For many decades, the demand for in-person court reporting was powered by the rules of evidence. In order for testimony and/or exhibits to be admissible in a court proceeding, a certified court reporter had to be physically present to verify everything. In the last few years, however, this precedent has been upended by the confluence of two trends – one biological, and totally unforeseeable, and the other a long, obvious time coming with multiple contributing factors. The industry’s reaction to this change serves as both a model for innovation and augmentation as well as a good, close look at what the future may hold.
The COVID-19 pandemic, which at the time of this writing, is responsible for 7.9 million cases and over 210,000 deaths in the United States alone. COVID-19 has completely reshaped the traditional in-person model of courtroom proceedings and court reporting. Lawyers, judges, court reporters and clients alike have embraced remote technologies making the new normal virtual – and the numbers show it. According to the Michigan Supreme Court, as of July 2020, Michigan courts had already logged more than 500,000 hours of online hearings and proceedings since March 2020. At the beginning of the pandemic in March of this year, the Texas Supreme Court issued an order directing courts in all 254 counties to allow (or require) remote participation in all proceedings. They reported that between March 24 and June 1, the system had already held about 122,000 remote hearings. Peter J. Giammanco, CSR No. 6810, RPR, CRR, CLR, Chief Strategy Officer and President of U.S. Legal Support, observed, “The explosion of the demand for remote proceedings was completely unprecedented – as was the pandemic itself. Courts across the country began experiencing a backlog of cases and had no choice but to move proceedings remotely to keep the wheels of justice turning.”
For many attorneys, it’s been seven months or more since they’ve attended any kind of meeting, presentation or court proceeding in person. And, therefore, the same is true for many court reporters. Says Tifani Goetsch, CSR 10406, CLR, “My workload is now completely virtual. I haven’t covered an in-person deposition since March. While definitely an adjustment at first, I have experienced benefits of the new remote world, including a now non-existent commute. Working remote has allowed me to take on jobs that I wouldn’t have usually considered due to their locations.“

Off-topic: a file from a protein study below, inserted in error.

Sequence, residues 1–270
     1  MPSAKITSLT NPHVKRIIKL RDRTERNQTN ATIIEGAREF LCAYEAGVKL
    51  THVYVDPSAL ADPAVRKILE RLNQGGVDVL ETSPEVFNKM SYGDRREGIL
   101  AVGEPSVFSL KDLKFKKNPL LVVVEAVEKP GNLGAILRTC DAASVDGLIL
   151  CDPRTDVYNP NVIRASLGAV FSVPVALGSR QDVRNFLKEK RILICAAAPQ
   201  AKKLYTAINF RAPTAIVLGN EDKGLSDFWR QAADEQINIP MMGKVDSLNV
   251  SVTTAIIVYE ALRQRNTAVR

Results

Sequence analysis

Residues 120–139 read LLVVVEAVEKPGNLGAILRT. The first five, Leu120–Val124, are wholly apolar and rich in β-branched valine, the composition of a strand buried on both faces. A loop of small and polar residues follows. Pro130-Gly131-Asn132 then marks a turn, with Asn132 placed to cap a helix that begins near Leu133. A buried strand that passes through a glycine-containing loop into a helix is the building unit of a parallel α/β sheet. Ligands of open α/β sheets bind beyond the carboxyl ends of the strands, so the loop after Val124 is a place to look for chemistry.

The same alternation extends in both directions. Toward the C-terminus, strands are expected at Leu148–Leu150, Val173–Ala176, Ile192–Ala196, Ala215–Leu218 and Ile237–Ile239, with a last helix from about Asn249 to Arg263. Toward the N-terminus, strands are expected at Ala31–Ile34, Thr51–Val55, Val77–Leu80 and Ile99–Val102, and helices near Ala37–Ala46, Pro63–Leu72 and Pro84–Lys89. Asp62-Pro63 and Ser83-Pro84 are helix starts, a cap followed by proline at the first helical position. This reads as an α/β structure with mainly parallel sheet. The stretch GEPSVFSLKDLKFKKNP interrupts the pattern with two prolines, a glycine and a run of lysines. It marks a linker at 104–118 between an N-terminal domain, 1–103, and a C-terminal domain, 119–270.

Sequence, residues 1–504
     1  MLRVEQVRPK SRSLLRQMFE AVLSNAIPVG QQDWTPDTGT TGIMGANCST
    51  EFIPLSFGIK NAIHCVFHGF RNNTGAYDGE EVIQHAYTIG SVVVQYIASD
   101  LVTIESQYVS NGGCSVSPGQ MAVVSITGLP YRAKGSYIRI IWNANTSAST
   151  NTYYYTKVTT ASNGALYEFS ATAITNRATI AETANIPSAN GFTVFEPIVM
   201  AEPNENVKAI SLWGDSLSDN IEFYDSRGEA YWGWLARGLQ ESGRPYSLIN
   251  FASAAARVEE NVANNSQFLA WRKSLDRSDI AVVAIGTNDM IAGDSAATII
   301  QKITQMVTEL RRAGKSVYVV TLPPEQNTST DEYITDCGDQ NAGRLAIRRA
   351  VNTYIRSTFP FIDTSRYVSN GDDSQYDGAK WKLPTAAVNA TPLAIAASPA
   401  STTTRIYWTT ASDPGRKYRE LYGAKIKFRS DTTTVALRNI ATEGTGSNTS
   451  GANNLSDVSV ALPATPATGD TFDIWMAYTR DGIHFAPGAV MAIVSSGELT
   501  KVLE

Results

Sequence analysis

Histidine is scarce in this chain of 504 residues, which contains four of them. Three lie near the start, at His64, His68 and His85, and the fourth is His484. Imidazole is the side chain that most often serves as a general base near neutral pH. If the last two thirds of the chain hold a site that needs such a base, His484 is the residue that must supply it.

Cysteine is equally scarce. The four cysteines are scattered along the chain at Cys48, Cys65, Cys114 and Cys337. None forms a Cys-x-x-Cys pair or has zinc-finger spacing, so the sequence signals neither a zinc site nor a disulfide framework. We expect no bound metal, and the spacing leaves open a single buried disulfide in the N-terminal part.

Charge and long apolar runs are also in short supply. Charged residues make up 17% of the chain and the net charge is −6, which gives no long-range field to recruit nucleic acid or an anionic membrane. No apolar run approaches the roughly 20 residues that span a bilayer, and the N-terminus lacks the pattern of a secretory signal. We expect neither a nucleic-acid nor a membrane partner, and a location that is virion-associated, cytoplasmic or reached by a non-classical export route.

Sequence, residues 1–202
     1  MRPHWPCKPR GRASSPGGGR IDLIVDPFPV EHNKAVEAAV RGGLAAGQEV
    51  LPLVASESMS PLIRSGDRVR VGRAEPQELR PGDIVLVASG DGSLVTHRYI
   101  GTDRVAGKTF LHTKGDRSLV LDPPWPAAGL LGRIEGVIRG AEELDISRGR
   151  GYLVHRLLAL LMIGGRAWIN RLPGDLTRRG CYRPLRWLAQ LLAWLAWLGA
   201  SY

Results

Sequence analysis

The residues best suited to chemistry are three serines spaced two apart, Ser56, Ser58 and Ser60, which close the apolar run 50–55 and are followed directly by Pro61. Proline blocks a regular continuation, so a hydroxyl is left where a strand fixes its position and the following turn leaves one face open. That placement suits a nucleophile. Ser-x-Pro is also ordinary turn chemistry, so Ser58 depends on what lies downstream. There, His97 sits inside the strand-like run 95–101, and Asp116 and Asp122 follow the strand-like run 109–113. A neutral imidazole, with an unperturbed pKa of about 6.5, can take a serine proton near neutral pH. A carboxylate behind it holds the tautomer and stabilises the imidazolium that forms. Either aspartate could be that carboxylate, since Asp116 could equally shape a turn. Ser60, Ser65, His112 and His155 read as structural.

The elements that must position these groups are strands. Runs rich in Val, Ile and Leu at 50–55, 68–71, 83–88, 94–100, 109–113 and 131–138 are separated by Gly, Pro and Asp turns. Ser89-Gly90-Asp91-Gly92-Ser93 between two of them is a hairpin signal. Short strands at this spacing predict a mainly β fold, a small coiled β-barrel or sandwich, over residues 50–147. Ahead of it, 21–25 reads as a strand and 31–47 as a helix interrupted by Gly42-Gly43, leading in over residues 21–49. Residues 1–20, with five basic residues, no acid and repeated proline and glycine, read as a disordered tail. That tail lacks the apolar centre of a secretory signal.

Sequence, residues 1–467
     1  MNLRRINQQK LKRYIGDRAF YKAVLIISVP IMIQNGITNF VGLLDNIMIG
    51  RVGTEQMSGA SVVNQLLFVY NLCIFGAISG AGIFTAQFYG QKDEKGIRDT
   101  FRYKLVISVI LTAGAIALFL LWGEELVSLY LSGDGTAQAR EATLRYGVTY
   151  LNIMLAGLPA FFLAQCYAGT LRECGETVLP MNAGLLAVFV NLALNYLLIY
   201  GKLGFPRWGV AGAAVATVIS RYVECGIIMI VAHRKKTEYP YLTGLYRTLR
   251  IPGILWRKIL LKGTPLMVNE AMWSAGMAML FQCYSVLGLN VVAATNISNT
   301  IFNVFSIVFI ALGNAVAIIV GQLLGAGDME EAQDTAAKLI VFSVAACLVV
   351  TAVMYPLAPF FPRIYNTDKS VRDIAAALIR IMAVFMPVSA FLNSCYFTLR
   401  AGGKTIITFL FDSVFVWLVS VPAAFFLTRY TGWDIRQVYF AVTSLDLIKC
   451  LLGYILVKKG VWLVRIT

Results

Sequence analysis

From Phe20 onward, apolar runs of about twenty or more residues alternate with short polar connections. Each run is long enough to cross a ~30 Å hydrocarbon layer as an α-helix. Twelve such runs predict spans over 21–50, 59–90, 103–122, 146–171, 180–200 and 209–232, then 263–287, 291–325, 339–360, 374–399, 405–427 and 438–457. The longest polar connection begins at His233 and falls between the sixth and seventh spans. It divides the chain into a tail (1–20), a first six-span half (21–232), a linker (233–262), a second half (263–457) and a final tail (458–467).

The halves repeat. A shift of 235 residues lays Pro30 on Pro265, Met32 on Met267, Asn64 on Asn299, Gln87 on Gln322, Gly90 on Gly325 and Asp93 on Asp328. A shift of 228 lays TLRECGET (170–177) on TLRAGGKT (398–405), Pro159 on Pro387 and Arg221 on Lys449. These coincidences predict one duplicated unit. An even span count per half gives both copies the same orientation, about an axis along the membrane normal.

The industry has also been grappling with another, more insidious trend, which is an ongoing and worsening shortage of Certified Shorthand Stenographers. This began long before COVID-19 – the National Court Reporters Association first recognized the potential for a shortage back in 2013. The numbers are alarming: there was a national shortfall of 5,500 reporters in 2018, which is projected to grow to over 33,000 in 2033. To put that in context, to overcome the impact of this shortage, the industry needed at least 82,000 new students to have enrolled in training programs by 2019. The actual number enrolling each year? About 2,500. Simple math tells the story here – and it doesn’t look good.
Perhaps inevitably, technology has stepped in over the years to help fill this gap, which has gone from a gradually increasing opening to, due to COVID-19, a Grand Canyon-sized chasm. With a backlog of cases due to court closures, the sudden, urgent need for tools to facilitate virtual depositions has created an uptick in the use and acceptance of digital reporting. Peter J. Giammanco continued, “I think the court reporting industry has been preparing for technological advancement for years. While stenography is the gold standard for reporting, we’re all acutely aware of the national court reporter (stenographer) shortage. With the introduction of new technologies, including remote depositions and digital reporting, we’ve been able to continue to serve our clients during changing circumstances. Regarding the pandemic, I would say the industry has done a fantastic job of quickly adjusting to the new normal of remote proceedings. The willingness to learn and adapt has been amazing to witness and be a part of. We’re constantly working with reporting professionals on ways to refine the remote deposition process to make it easier on them and our mutual clients.”
Regardless of methodology, the highest calling of a professional reporter is the preservation of the record. The finished product produced by an AAERT (American Association of Electronic Reporters and Transcribers) certified electronic reporter – a verbatim transcript – offers the same deliverables as those provided by traditional stenographic reporters and voice writers.
The COVID-19 pandemic has served as a kind of accelerant for the adoption of technology across the legal industry. Innovation that was already underway sped up dramatically. As litigation is not slowing down, remote depositions and digital reporting can help address the industry’s chronic shortage of reporters and can provide an attractive alternative when cost is an issue or a stenographer isn’t available. Amidst considerable changes, one thing remains clear – the role of the reporter is more central, versatile and important than ever. Whether they’re physically present or remotely present, a court reporter is still the foundation and the retaining wall for proceedings and will be for a long time to come.